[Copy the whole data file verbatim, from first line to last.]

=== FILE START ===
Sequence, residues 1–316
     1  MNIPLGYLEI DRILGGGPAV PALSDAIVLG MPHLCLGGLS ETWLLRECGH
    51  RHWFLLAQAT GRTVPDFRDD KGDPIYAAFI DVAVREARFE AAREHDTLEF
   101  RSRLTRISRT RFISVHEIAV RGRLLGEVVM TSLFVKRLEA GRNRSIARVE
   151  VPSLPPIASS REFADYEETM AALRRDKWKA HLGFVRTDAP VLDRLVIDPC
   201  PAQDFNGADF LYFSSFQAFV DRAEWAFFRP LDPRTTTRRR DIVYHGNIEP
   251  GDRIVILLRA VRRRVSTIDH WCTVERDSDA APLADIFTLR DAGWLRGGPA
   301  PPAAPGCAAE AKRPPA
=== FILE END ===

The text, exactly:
Sequence, residues 1–316
     1  MNIPLGYLEI DRILGGGPAV PALSDAIVLG MPHLCLGGLS ETWLLRECGH
    51  RHWFLLAQAT GRTVPDFRDD KGDPIYAAFI DVAVREARFE AAREHDTLEF
   101  RSRLTRISRT RFISVHEIAV RGRLLGEVVM TSLFVKRLEA GRNRSIARVE
   151  VPSLPPIASS REFADYEETM AALRRDKWKA HLGFVRTDAP VLDRLVIDPC
   201  PAQDFNGADF LYFSSFQAFV DRAEWAFFRP LDPRTTTRRR DIVYHGNIEP
   251  GDRIVILLRA VRRRVSTIDH WCTVERDSDA APLADIFTLR DAGWLRGGPA
   301  PPAAPGCAAE AKRPPA